First of all, buyers want to see “benefits” before they see “features” – so be careful not to jump into technical stuff before building a business case. This also means you need to prioritize the order in which each benefit appears on your website. Think of your top two buyer personas, the segments that are going to drive 80% of your revenue, and hit their specific pain points with the first benefits you list on your website. Hook them with the highest value problem-solution sets (benefits) and you can always offer a “read more” option for those prospects that are compelled to learn more…frankly, most aren’t. In fact, the priority problem-solution sets should be enough to move the prospect to click on the “get started” or “free trial” button.
Think about it this way – you should be able to deliver a succinct, simplified “elevator pitch” for each product benefit.
Consider split-testing your language here – use a service like Optimizely to launch headline variations for two-week stretches, or a shorter/longer time-span depending on how many visitors your website is getting. This will validate what you learned during pre-launch market research (focus groups/surveys) or prompt fundamental changes in your messaging.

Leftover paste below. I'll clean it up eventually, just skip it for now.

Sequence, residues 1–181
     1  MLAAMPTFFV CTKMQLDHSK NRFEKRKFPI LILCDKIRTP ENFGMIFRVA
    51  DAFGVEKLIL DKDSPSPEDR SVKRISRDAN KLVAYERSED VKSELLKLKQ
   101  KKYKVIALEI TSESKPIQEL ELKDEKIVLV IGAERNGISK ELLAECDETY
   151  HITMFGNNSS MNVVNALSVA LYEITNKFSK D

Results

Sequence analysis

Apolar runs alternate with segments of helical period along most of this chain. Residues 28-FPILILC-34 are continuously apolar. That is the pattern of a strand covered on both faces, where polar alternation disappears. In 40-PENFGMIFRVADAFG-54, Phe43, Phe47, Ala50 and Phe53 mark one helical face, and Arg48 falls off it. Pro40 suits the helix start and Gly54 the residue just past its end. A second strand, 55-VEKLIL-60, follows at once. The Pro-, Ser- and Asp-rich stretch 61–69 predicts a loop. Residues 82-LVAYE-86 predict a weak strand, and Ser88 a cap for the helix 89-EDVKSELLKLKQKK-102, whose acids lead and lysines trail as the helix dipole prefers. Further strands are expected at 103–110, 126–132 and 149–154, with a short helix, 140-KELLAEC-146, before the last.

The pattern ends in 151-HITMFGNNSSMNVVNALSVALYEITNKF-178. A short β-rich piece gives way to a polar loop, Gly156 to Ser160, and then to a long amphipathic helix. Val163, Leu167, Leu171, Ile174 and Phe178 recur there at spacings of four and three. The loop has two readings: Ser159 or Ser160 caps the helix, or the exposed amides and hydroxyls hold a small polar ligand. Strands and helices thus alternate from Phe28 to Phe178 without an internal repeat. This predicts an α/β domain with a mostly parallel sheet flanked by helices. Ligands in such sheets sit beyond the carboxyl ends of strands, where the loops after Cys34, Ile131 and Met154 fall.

Often times, we find that product teams and technical founders get so caught up in technical details and product “vision” that website content ends up confusing new visitors into bouncing off the website or impulsively signing up for a trial account. Neither are acceptable for a high-growth enterprise that needs to keep all resources efficient. Understand what your target buyer personas are looking for and convert technical jargon into plain English. Pro-tip: don’t rush to create cleverly named sub-brands – first sell the main product well, then you can start rolling out branded product features.
Remember, the goal of sharp, succinct messaging is to convince the buyer that you have the right solution to their problem. The last thing you want is for confused buyers to rush to your “pricing” page because they want to get to the bottom line.